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PMS & PMDD Symptoms—From Mild to Severe
by Dr. Daniel J. Heller
You’ve arrived at our "home page" article on PMS symptoms. This is the place to learn about the different possible PMS symptoms you or someone you care about might experience, and basic facts about PMS. For more information on PMDD symptoms, see the link below or at left.
You might also like to see what articles are most popular with the women who visit our site from around the world to learn more about PMS & PMDD, and to find natural solutions to their symptoms. Be sure to let us know if there’s some subject you’d like us to cover on which you can’t find information.
These articles, as well as many of the other articles on the site, contain specific do-it-yourself tips and action steps you can take to relieve and manage your symptoms, as well as to bring yourself, your cycle, and your hormones into better overall balance.
PMS Comfort is much more than just information on symptoms. Our goal is to be the absolute best resource for you to learn how to naturally address premenstrual challenges, whether you decide to try home remedies or purchase a trial of our doctor-formulated herbal solution. Here are resources we think you’ll love:
We think you’ll especially like reading the amazing stories of women who’ve used our natural formulas to overcome PMS & PMDD symptoms and found real, natural relief. It’s an inspiration to know that there is a natural way to balance your body and feel like yourself again.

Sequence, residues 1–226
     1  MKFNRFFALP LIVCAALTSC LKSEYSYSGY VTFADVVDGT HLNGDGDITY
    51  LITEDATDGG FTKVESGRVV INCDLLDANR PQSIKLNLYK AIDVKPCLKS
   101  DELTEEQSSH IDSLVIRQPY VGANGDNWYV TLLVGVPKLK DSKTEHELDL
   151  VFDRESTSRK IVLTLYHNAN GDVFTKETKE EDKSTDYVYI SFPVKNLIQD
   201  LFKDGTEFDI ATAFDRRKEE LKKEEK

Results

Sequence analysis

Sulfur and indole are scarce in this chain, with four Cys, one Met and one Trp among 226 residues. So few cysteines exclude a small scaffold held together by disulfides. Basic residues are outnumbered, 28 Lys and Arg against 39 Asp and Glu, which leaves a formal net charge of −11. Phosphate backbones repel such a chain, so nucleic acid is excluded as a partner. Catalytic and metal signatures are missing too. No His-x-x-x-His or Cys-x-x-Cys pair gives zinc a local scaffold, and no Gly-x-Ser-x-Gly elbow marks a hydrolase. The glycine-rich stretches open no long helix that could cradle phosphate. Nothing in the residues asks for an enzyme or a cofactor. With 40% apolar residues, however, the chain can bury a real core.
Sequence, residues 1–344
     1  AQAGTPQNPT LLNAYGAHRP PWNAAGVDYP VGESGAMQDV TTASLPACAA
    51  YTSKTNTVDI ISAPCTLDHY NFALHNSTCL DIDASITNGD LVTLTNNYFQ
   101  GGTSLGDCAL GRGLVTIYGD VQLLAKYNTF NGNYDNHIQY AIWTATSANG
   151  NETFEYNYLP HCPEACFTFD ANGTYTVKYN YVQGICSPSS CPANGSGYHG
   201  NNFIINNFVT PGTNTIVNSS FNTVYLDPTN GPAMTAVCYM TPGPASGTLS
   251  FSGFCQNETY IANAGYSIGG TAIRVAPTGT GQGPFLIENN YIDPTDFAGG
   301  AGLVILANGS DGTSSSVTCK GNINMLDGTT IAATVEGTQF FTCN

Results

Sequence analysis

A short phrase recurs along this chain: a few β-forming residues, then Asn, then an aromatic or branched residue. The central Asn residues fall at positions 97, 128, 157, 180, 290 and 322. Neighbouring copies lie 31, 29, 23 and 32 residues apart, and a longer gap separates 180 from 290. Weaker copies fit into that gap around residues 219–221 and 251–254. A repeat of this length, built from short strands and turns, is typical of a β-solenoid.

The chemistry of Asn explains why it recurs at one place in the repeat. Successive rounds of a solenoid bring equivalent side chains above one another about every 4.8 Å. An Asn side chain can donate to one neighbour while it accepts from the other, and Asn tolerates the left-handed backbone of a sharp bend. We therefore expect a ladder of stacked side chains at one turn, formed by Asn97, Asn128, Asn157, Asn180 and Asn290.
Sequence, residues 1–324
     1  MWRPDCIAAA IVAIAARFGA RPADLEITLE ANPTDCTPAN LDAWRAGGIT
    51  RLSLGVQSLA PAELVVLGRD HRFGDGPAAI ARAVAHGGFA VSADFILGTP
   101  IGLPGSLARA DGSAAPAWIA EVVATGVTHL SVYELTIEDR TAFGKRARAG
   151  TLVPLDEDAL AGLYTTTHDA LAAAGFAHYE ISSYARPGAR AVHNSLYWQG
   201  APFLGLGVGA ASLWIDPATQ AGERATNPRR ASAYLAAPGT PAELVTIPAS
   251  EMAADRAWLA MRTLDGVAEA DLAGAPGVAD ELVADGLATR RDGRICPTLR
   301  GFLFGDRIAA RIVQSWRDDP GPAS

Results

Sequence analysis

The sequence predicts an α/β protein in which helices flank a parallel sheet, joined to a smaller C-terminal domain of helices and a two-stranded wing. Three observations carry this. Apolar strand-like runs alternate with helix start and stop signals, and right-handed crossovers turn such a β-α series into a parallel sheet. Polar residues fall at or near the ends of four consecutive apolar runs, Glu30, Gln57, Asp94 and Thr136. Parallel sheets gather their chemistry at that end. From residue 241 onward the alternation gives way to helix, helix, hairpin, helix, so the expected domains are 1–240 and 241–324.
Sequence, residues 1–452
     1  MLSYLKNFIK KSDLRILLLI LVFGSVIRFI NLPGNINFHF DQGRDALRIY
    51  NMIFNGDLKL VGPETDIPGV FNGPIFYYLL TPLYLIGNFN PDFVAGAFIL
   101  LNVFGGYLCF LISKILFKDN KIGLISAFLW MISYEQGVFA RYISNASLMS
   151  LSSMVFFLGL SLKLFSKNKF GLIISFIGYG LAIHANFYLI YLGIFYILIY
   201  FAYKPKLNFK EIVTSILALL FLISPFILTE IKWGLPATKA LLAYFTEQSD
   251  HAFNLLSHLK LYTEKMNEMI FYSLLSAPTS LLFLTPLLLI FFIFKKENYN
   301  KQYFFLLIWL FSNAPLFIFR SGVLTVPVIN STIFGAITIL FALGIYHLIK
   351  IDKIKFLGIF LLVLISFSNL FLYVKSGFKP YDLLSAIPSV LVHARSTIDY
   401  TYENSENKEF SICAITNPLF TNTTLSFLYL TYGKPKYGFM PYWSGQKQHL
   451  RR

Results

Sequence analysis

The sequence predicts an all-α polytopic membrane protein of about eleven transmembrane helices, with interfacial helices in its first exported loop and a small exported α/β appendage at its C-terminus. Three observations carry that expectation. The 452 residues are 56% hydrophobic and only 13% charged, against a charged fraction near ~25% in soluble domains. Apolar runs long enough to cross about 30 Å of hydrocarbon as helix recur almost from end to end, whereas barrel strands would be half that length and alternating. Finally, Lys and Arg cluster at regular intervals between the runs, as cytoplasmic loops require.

PMS (premenstrual syndrome) and PMDD (premenstrual dysphoric disorder) symptoms occur on a continuum that is surprisingly wide and varied: for women with severe PMS and PMDD, they interfere with everyday life on every level, while for others with only mild PMS they pose a mere annoyance. They can also arise at any time during your cycle, so that it can be difficult to distinguish between menstrual cycle symptoms, pregnancy symptoms, and PMS or PMDD symptoms.
The defining characteristic of premenstrual symptoms is their timing—by definition, they occur one to two weeks before the period, and are nearly almost always greatly relieved with the onset of the period itself, though a smaller percentage of women experience symptoms before ovulation or during and after the period itself.
The onset of symptoms three weeks before your period would hardly seem premenstrual—beginning before you even ovulate. But if these symptoms are cyclical, relieved when the period arrives, and are symptoms from the list below, it is probably PMS or PMDD. Although it is unusual, some women experience PMS or PMDD symptoms mid-cycle—at ovulation—roughly 15 days before their period begins. But most PMS and PMDD symptoms occur within the few days before your period.
Since premenstrual symptoms are manifestations of hormonal imbalance, any of the symptoms listed below can be associated with PMS or PMDD as long as they occur cyclically—that is, on a regular, recurring basis that correlates with the timing of your menstrual period. The mere presence of these symptoms does not necessarily mean you have PMS or even PMDD. Of course, it's always wise to consult with a qualified health professional before self-diagnosing any condition.
We have found that some health care practitioners seem to be reluctant to diagnose PMS and PMDD. We prefer to think of PMS and PMDD as symptoms of a hormonal imbalance, so that regardless of what the medical textbooks say, the determination of PMS and PMDD should : a) whether your symptoms are cyclically aligned with your menstrual cycle; and b) the degree to which your symptoms interfere with your life, your work, and your relationships.